What Can You Buy There? (# 1)

As promised on Friday, I’m going to write briefly about the kinds of beers I can find in my bottle shop in small-town Western Canada. And I’m doing so because our regular host lives in one of beer’s current Valhallas–one of the places in the US where you could most likely get any beer you might require.

But I don’t recall, even in some of the best bottle shops in Portland, seeing a wide selection of Canadian beers. And so my goal is to give you at least one brewery–perhaps more, we’ll see how the day goes–to keep an eye out for. Or, heck, even to cross the border for.

Four Winds (in Delta, BC) was mentioned when your host came to visit me in September; we shared their Meli, a delightful farmhouse ale made with honey and pollen. Four Winds is one of the more experimental and daring brewers in BC, while hewing closely to a style guide than might be described as Belgian, writ large*.  While they make quite good pilsners and oat stouts, to give a few examples of standard beers, they first came to my attention with their Zephyr series, which combines NW IPA hoppiness with some of the yeasts and esters we might think of as belonging to the world of Belgian beers.

Their Juxtapose is a Wild IPA–an IPA made with wild yeast. And the nose** brings that across. You get hints of mango, stone fruit–but also the barnyard funk you’d expect from a wild yeast. And, finally, a bitter note–the bittering of hops.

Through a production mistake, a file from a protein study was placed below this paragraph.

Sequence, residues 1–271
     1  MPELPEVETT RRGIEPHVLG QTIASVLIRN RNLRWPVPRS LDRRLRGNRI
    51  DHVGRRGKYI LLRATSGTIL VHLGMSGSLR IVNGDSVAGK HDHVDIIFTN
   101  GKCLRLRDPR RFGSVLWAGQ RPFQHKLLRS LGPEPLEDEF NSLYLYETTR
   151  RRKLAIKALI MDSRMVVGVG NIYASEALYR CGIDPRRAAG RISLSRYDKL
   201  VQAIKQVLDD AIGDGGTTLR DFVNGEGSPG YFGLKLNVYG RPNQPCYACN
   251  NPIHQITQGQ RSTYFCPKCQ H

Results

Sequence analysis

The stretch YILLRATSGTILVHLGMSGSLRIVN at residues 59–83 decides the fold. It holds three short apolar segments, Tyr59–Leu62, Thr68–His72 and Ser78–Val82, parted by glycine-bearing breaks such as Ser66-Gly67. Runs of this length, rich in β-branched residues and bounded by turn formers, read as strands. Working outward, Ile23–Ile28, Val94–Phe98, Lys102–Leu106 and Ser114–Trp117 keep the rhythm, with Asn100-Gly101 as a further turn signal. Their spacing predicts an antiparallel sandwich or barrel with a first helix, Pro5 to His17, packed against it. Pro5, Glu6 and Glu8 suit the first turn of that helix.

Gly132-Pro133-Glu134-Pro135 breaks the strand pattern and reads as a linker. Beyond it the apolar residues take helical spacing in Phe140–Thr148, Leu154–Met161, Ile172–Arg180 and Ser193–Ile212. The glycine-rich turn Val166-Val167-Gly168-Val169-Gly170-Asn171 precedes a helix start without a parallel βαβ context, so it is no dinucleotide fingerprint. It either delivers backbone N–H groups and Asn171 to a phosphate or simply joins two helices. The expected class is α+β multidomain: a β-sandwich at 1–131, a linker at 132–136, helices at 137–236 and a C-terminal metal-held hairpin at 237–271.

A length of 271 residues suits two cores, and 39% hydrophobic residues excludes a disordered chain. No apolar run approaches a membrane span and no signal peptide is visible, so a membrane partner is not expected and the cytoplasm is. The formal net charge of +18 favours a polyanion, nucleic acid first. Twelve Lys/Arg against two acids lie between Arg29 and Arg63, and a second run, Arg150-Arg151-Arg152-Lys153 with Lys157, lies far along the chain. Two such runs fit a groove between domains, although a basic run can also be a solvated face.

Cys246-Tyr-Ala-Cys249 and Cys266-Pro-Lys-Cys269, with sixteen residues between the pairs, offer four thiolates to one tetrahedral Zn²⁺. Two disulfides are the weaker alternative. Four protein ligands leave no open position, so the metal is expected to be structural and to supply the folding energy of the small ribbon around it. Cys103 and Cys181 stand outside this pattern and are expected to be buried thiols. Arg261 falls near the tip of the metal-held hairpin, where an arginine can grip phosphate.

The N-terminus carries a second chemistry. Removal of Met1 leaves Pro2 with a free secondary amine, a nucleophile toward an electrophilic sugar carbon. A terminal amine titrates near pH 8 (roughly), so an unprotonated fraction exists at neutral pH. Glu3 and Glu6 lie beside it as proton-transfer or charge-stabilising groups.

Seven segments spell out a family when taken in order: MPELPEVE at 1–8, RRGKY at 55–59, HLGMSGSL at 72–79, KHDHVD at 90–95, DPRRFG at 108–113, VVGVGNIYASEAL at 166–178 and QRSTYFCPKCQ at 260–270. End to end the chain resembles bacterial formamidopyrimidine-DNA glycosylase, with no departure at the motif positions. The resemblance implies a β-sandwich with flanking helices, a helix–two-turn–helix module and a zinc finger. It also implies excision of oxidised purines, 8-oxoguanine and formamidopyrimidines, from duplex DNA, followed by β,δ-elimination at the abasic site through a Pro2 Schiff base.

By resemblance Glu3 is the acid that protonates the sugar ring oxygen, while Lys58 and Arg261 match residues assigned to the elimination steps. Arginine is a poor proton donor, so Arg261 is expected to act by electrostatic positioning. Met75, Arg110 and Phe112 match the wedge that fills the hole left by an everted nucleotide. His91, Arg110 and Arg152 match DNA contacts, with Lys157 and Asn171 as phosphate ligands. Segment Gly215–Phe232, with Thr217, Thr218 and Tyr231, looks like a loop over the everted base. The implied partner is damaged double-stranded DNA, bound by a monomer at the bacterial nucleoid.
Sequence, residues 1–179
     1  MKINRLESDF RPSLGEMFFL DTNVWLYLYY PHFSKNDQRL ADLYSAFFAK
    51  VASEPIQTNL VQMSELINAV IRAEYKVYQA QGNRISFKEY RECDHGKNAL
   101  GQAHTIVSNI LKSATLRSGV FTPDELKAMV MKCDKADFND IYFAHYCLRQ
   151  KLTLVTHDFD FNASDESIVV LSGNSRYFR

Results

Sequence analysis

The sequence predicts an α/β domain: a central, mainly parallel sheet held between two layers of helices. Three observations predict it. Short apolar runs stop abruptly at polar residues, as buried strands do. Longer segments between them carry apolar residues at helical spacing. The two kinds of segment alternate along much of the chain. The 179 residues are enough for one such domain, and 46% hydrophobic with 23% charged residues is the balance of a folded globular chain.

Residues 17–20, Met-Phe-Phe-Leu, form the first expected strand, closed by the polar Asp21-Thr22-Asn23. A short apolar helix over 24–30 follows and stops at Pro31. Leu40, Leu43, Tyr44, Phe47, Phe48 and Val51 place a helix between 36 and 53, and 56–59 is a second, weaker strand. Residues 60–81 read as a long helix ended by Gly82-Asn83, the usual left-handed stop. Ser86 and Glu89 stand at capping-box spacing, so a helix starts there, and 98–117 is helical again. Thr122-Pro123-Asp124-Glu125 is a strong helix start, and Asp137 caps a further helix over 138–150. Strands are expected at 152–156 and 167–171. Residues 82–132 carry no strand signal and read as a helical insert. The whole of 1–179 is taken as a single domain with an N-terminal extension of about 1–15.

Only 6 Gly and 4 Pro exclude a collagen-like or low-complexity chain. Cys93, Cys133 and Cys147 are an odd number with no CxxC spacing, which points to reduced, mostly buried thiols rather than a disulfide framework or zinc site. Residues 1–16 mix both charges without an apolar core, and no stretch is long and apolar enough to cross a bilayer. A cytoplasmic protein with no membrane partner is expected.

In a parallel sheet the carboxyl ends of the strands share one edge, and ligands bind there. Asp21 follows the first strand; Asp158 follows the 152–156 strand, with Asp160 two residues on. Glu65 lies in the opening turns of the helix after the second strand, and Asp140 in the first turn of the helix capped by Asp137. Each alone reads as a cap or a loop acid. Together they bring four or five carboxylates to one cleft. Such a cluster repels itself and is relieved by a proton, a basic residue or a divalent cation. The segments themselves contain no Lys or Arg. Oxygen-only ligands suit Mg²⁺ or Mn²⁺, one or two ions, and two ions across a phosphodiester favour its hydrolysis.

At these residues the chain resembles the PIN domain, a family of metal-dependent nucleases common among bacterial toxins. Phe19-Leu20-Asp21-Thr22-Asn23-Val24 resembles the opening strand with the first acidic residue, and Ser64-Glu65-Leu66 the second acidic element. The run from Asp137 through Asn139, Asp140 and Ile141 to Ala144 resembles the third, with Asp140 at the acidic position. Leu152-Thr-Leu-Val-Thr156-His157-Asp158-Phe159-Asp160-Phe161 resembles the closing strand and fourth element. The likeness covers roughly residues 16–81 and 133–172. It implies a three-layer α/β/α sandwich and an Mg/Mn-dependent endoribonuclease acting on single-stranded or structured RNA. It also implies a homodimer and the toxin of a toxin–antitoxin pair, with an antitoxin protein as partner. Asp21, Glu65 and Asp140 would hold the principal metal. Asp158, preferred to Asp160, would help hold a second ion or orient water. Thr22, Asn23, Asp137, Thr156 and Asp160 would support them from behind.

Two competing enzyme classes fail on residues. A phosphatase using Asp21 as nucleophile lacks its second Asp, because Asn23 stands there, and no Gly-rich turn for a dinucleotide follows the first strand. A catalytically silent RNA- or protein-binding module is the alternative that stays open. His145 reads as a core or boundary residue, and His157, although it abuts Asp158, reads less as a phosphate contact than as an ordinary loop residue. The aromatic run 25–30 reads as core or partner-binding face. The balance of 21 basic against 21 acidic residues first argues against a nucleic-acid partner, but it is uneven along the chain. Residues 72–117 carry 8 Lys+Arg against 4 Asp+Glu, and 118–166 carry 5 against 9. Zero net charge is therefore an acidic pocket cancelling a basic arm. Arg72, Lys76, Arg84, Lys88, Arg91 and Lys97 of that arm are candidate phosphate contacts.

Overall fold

The front end is quite surprisingly malty, and gives way to a spicy breadiness in the middle–cracked pepper water crackers?–, and, in the end, the dryness you’d expect from both a hoppy beer and from the barnyard element. As the beer warms slightly, there’s a richer front mouthfeel; the middle spice disappears, but some previously undetected melon come to the fore; and the end exhibits more of the funk, less of the harsh bitterness of the colder pour. But at no point does the funk imbalance or overwhelm the beer–it’s one element working in harmony with the rest.

You could have this beer on its own. I paired the end of the glass with an “old” cheddar***, and was delighted as to how well the creaminess of the cheese brought new notes of the barnyard to the fore. I’d not go the bleu cheese route, but would stick with creamy and relatively neutral cheeses for my pairing.

*Their more experimental beers tend to hew more closely to Belgian beers for inspiration, but most of their products tend Belgian in identifiable ways.

**To the extent I have a nose today. Think about what I’d be writing if I could actually breathe through both nostrils.

***Old, my foot. Middle-aged, at best. Were it a human, it would have just stopped finding Buzzfeed quizzes relevant.

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